“When, in framing the Constitution, we restricted so closely the power of government over our fellow-citizens of the militia, it was not because we supposed there would ever be a Congress so mad as to attempt tyrannizing over the people or militia by the militia. The danger we meant chiefly to provide against was hazarding the national safety by a reliance on that expensive and inefficient force; for those who, during the revolutionary storm, had confidential acquaintance with the conduct of affairs, knew well that to rely on undisciplined, ill-officered men, though they were individually as brave as Cæsar, to resist the well directed impulse of veterans is to act in defiance of reason and experience. We flattered ourselves that the constitutional restriction on the use of militia, combined with the just apprehension of danger to liberty from a standing army, would force those intrusted with the conduct of national affairs to make seasonable provision for a naval force. We were not ignorant of the puerile notions entertained by some on that subject, but we hoped, alas! vainly hoped, that our councils would not be swayed by chattering boys, nor become the sport of senseless declamation.”
A conviction of more trouble impending, and of at least a long period of time during which the finances of the country must be in a deplorable condition, greatly oppressed Morris, and the condition of those in Virginia who had undertaken pecuniary engagements appeared to him most unfortunate. “My dear friend,” he wrote, January 22d, to Randolph Harrison, of Clifton, Va., expressing his anxiety, “I fear we are only at the beginning of trouble. The misery we suffer may be traced to the imbecility and prodigious extravagance of military operations, the dishonesty of fiscal schemes, and those oppressive follies which preceded the war. It is now full five and twenty years since those who govern us predicted an approaching bankruptcy of the British nation. Their diplomacy has been calculated on this idea, the absurdity of which was evident to every man of correct information and sound mind. Mark the result. England has borne an extreme pressure of war, with little intermission, from that day to this; yet her three per cent. and our six per cent. stock are selling nearly at the same price. Hers is rising, ours falls; we have not taken her territory, we lose our own; and if the measures which have already brought us to the brink of ruin be pursued, our liberty and property will soon be buried in the same grave. We, indeed, of the North and East, may save ourselves by a severance of the Union. What I say is for you alone. I mean not that even the slight obstacle of my opinion should be put in the way of our rulers, but if we do not have peace soon your produce, now worth little, will be worth nothing, and every solid dollar you have will take wing and fly away.”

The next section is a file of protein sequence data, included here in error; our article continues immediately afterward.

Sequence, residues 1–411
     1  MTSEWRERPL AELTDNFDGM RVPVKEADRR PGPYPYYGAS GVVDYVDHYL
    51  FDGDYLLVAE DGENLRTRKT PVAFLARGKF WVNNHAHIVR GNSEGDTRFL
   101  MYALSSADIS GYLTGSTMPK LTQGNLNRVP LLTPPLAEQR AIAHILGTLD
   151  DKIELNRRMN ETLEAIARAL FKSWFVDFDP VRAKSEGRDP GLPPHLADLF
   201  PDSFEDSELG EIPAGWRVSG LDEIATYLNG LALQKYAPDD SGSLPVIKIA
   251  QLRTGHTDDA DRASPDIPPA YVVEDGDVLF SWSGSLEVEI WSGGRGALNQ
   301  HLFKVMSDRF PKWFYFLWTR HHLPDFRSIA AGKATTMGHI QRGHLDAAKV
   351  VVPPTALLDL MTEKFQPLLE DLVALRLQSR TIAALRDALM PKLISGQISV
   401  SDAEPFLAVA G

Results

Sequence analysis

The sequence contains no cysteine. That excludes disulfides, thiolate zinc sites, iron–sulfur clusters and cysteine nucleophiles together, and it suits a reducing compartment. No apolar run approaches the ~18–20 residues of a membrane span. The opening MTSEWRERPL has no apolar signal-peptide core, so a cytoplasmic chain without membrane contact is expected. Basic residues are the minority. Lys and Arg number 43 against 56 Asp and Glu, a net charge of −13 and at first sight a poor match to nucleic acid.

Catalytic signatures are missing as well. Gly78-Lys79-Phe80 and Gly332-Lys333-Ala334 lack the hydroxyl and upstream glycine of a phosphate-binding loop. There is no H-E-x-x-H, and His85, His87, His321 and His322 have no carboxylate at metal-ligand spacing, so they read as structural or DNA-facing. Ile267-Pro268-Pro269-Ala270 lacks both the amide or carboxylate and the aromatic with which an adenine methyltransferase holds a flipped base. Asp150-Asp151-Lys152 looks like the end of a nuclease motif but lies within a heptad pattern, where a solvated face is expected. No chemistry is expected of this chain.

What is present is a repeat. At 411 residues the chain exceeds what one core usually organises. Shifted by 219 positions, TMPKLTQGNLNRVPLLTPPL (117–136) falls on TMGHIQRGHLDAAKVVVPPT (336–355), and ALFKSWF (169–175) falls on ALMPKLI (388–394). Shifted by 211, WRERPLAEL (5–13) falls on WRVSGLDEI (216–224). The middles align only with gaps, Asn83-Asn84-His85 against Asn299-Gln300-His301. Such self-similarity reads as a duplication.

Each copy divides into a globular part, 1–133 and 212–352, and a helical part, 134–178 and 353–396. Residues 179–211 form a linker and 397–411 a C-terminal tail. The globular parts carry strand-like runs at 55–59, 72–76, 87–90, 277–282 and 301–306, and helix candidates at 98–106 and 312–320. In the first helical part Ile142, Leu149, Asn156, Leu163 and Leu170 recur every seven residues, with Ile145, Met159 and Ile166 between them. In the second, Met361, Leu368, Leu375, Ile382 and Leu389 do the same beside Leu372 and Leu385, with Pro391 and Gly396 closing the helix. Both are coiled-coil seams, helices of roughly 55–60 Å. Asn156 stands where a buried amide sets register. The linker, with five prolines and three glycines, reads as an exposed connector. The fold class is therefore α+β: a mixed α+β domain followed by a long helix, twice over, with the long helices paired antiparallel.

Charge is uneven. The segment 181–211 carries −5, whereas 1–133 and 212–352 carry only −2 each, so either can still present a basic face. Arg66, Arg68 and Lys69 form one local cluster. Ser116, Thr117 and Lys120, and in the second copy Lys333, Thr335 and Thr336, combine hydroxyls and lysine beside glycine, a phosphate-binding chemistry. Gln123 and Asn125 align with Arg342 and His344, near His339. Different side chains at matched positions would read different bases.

The diary notes that Thursday, February 9th, is “my son’s birthday, two years old. We have a dinner-party to celebrate the festival.”
“The news of peace arrived in town yesterday,” Morris chronicles, February 12th; and, writing a few days later to his nephew David B. Ogden, then at Washington, he says: “I congratulate you on the return of peace, in compliance with the fashion, and listening (for once) to the voice of self-interest, pardonable, perhaps, at sixty-three. The peace may prevent a separation of the States, patch up our tattered Constitution, and perpetuate the blessings of a Jacobin administration.